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Title: 10 - Adaptation and evolutionary responses to high CO2
The evolutionary history of fishes spans geological periods where atmospheric CO2 was much higher than the current-day, yet some extant species are now sensitive to high environmental CO2. Other species have adapted to live in habitats where they naturally encounter very high CO2 levels. This chapter explores the evolutionary history of fishes in relation to environmental CO2 and adaptations to high CO2 habitats. It then considers the potential for adaptive responses to predicted future CO2 levels from climate change among extant fishes. Despite a rich theory and well-developed experimental methods in quantitative genetics only a handful of studies have tested for genetic variation in CO2-sensitive traits, which might enable fish to adapt to projected future CO2 levels. This is a serious knowledge gap that needs a concerted research effort to overcome. Without basic information on genetic variation in fitness-associated traits and the strength of selection, it is not possible to make informed decisions about the impacts of elevated CO2 on fish populations over the timeframes that CO2 is changing.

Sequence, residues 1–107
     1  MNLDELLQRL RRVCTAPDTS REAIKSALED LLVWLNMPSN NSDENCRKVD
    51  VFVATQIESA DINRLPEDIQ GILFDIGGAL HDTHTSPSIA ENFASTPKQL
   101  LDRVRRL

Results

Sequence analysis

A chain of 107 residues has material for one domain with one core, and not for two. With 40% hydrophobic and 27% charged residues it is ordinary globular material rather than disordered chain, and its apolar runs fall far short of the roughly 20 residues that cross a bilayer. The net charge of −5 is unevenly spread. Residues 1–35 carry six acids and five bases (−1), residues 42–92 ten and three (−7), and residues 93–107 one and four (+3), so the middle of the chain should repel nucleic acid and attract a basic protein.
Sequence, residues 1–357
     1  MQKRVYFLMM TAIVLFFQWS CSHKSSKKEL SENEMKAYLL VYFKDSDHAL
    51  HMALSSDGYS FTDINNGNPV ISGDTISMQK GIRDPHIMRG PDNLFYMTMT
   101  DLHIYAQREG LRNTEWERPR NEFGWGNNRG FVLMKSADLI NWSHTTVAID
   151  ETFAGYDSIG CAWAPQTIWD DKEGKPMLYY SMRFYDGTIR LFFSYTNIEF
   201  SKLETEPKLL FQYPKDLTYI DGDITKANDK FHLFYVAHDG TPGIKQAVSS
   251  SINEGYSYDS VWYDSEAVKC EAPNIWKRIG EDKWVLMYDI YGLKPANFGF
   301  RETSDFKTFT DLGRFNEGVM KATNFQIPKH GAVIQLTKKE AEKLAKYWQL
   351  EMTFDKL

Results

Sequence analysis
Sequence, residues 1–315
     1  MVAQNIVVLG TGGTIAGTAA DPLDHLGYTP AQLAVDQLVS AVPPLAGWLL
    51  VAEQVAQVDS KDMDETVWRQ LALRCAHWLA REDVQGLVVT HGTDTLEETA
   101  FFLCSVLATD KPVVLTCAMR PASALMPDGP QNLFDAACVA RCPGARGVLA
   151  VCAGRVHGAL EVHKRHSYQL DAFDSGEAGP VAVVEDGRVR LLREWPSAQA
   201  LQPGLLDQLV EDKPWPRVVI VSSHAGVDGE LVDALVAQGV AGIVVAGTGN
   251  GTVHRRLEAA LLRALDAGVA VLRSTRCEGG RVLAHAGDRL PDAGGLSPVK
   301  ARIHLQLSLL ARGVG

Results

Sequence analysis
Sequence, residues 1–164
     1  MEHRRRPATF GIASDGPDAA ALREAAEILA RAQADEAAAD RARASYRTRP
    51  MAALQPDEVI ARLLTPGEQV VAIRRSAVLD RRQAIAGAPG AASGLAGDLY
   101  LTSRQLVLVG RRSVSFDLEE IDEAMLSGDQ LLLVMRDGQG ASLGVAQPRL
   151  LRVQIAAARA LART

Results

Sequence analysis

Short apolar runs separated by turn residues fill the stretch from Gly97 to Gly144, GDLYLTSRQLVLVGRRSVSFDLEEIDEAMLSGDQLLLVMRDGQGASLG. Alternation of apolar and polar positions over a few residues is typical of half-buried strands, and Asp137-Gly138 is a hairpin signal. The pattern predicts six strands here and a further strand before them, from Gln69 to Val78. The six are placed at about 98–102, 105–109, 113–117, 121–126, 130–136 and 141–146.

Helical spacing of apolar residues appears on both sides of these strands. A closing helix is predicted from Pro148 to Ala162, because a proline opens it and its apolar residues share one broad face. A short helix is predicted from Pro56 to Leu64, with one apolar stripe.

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Grosell, Martin; Munday, Philip L.; Farrell, Anthony P.; Brauner, Colin J.
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Fish physiology
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National Science Foundation
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